Nazi memorabilia

From Wikipedia, the free encyclopedia
Jump to navigation Jump to search
Militaria and paraphernalia from Nazi Germany for sale as memorabilia and collectibles in Amsterdam, the Netherlands in 1964. In a digital age internationally based private collectors and traders more often are handling artifacts with a troubled past online.
Photo: Jack de Nijs / Anefo

Nazi memorabilia or Third Reich collectibles are items produced during the height of Nazism in Germany, particularly the years between 1933 and 1945. Nazi memorabilia includes a variety of objects from the material culture of Nazi Germany, especially those featuring swastikas and other Nazi symbolism or connected to Nazi propaganda, such as military and paramilitary uniforms, insignia, coins and banknotes, medals, flags, daggers, guns, posters, contemporary photos and publications.

During the Second World War, soldiers from opposing Allied forces often took small items from fallen enemies as war trophies.[1] These and other items from this time period have since been acquired by museums and individual collectors. In Europe museums still regularly receive everyday artifacts from the Nazi era and have to deal with remnants of National Socialism and relics of war and hatred.[2]

Market[edit]

Nazi uniform accessories taken as war trophies on display in Fort Lewis Military Museum in Washington, USA: Nazi Party uniform insignia (collar patches and cap badges), party membership pin, parade belt buckle, Nuremberg Rally badges, etc.

In recent years the market for buying and selling Nazi memorabilia has increased.[3] As veterans pass away, some families have tried to get rid of their possessions.

Many in the general public are offended by, and condemn, auctions, militaria shops, online stores and other businesses selling Nazi 'antiques', and find the goods and commercial trading 'tasteless' and 'hateful'. Most of those wanting to restrict the trade of Nazi collectibles will accept donations to public museums though. While the great majority of private collectors are exclusively interested in the historical background and fascinated by the distinctive design of the items, some collectors are in fact political supporters of Neo-Nazism and other right-wing and hate groups.[4]

With the growing demands for Nazi memorabilia, many Jewish groups are disapproving the sale and purchase of Nazi products for leisure purposes. Others such as Haim Gertner, director of Israel's Holocaust memorial Yad Vashem, believe that some of the Nazi memorabilia are worth saving, claiming that anti-Semitic history shouldn't be forgotten.[5][6]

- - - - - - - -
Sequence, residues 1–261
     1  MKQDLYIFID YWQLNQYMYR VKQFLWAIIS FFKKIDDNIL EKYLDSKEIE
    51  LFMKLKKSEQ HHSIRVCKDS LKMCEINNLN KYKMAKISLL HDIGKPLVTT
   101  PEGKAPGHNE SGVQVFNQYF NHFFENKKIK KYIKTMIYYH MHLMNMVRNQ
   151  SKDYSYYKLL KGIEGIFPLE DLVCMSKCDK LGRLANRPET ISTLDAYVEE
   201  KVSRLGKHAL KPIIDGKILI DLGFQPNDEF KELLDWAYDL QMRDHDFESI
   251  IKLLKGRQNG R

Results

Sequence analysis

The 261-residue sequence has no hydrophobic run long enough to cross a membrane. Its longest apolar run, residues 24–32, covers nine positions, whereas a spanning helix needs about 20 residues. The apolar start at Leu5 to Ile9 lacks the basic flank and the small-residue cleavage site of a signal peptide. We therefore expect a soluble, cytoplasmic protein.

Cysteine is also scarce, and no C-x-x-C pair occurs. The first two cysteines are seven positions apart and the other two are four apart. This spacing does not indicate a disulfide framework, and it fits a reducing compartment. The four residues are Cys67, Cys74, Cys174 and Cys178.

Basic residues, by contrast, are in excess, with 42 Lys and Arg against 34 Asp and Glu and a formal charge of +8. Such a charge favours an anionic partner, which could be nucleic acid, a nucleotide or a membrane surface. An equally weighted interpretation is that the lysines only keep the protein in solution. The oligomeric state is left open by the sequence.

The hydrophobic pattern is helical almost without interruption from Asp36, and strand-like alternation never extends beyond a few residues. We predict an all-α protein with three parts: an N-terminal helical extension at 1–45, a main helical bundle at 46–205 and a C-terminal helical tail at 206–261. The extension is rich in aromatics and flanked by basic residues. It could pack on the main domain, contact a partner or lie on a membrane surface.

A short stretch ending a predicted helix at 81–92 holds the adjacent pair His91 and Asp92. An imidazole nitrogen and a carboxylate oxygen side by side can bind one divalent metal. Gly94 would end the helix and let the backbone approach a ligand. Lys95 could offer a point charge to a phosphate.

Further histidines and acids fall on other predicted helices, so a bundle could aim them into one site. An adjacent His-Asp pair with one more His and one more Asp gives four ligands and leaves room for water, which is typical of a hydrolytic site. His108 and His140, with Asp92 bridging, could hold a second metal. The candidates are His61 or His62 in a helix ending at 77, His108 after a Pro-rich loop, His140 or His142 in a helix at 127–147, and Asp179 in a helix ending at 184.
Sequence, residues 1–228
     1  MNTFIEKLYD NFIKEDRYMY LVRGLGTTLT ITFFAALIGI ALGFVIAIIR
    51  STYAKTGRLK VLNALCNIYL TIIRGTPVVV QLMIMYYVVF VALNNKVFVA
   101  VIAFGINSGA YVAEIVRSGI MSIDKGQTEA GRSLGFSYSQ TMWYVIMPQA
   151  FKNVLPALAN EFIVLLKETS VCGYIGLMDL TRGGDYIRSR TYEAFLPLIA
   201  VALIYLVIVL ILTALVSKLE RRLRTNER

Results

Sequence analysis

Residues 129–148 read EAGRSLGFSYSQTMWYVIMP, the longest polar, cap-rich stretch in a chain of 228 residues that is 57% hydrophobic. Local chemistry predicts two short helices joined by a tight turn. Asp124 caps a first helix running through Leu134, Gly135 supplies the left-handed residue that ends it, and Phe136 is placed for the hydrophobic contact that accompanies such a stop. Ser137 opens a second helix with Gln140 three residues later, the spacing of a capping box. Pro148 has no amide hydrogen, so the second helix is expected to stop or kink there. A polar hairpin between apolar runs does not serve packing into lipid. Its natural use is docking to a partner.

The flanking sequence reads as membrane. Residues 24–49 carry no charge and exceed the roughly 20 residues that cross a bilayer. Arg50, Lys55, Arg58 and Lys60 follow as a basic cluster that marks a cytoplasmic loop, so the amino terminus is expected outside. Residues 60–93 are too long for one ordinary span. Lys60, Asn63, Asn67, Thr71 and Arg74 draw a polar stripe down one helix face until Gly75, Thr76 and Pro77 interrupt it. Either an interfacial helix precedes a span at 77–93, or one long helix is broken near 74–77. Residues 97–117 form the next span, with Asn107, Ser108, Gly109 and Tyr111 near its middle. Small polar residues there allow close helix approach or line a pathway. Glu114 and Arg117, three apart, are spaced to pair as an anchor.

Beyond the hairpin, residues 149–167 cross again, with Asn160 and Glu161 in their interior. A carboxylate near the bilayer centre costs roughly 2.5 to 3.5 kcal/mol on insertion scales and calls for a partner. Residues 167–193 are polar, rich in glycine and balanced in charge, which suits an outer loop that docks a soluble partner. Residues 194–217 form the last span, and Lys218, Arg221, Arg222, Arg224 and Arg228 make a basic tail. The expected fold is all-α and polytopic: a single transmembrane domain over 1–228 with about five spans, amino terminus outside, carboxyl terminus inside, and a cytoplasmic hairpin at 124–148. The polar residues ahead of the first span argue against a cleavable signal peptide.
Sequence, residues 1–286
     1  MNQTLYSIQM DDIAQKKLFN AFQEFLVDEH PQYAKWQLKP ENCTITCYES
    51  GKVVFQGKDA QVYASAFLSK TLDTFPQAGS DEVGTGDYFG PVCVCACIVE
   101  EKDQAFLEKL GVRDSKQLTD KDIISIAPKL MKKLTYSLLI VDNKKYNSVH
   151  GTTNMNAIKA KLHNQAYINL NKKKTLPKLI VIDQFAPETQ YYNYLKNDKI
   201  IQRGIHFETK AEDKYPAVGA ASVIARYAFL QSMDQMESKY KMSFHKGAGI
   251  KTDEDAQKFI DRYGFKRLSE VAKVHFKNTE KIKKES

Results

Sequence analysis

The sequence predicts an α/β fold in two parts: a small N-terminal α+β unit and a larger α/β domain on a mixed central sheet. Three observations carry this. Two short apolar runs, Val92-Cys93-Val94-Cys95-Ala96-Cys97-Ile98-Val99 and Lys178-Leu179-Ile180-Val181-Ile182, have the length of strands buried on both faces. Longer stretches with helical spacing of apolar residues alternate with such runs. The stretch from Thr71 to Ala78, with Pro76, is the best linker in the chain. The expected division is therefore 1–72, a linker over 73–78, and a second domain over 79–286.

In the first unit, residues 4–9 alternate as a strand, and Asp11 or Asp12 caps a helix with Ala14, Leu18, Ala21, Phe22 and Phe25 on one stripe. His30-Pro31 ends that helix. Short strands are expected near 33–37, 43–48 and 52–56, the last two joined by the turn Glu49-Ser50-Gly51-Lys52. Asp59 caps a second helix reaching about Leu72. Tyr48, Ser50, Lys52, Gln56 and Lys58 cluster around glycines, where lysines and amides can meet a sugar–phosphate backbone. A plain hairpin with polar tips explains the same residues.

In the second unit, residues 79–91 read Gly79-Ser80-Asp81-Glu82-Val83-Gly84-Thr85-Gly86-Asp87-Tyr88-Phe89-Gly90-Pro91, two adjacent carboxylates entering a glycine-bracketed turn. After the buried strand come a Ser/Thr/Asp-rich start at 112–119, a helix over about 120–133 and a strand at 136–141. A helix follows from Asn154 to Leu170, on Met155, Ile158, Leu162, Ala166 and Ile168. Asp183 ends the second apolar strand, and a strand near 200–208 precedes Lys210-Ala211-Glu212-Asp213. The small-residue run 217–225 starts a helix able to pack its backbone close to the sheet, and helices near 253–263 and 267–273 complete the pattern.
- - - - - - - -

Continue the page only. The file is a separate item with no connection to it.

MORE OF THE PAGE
As original items from the Nazi era and Second World War are sold for high prices, there is a large amount of copies, forgeries and even inauthentic objects on the market.[3]

Legal restrictions[edit]

Nazi decorations, medals and badges in a trade stall in the Izmaylovsky Park in Moscow, Russia, 2006. While original items from the Nazi era are sold for high prices, there is a large amount of copies and forgeries on the market.[3]
Modern day replicas of miscellaneous Nazi badges aimed at reenactors and exhibitions, for sale at the militaria fair at the Victory Show in Cosby, Leicestershire, UK, 2015: Wehrmacht eagle-and-swastika cap badges, SS skull-and-crossbones emblems (Totenkopf), Nazi Party membership pins, etc.

The sale of Nazi memorabilia is strictly prohibited in parts of Europe. In France, the Internet portal site Yahoo! was sued in the case LICRA v. Yahoo! (2000) by the Union of Jewish Students and the International League against Racism and Anti-Semitism for "justifying war crimes and crimes against humanity" by allowing such memorabilia to be sold via its auction pages.[7] Yahoo!'s response was to ban the sale of Nazi memorabilia through its website. A Paris court cleared Yahoo! in 2003.

Fearing similar litigation, auction website eBay enacted new guidelines regarding the sale of Nazi memorabilia in 2003. eBay's policies prohibit items relating to Nazi media propaganda, items made after 1933 that contains a swastika, Nazi reproduction items such as uniforms, and all Holocaust-related products. Memorabilia such as coins, stamps, or printed period literature such as magazines, books, or pamphlets are not prohibited.[8]

Examples[edit]

See also[edit]

Nazi paraphernalia and propaganda items on display at the National Museum of Military History in Luxembourg: a uniform for a 'Political leader' in the Nazi Party, Nazi swastika armband, Reichspost badge, portrait bust of Adolf Hitler, Ordnungspolizei sleeve badge, Deutsches Reich Arbeitsbuch, SA dagger, etc.
Photo: Thomas Quine, 2015

References[edit]

  1. ^ The National WWII Museum New Orleans, 2017: Looting the Reich: German Wound Badge
  2. ^ Deutsche Welle December 2021: Austria: Vienna museum display tackles tricky issues of Nazi memorabilia
  3. ^ a b c Daniel Grant, artnet.com 2019: The Market for Disturbing Nazi Artifacts Is Growing. Who Is Buying Them—and Why?
  4. ^ [https://www.routledge.com/The-Anarchy-of-Nazi-Memorabilia-From-Things-of-Tyranny-to-Troubled-Treasure/Hughes/p/book/9780367422004 Michael Hughes: The Anarchy of Nazi Memorabilia From Things of Tyranny to Troubled Treasure (book 2022)]
  5. ^ "Bottom line: is it immoral to sell Adolf Hitler's underpants?". South China Morning Post. 2018-12-28. Retrieved 2019-11-22.
  6. ^ International Holocaust Remembrance Alliance (IHRA): Why is it important to have open access to Holocaust archives?
  7. ^ "Yahoo! Inc., a Delaware Corporation, Plaintiff-appellee, v. La Ligue Contre Le Racisme et L'antisemitisme, a French Association; L'union Des Etudiants Juifs De France, a French Association, Defendants-appellants, 433 F.3d 1199 (9th Cir. 2006)". Justia Law. Retrieved 2019-11-25.
  8. ^ "Offensive material policy". Archived from the original on 2018-03-16. Retrieved 2019-11-20.
  9. ^ "An der plakativen Front: Eine Fälschung macht Geschichte".

External links[edit]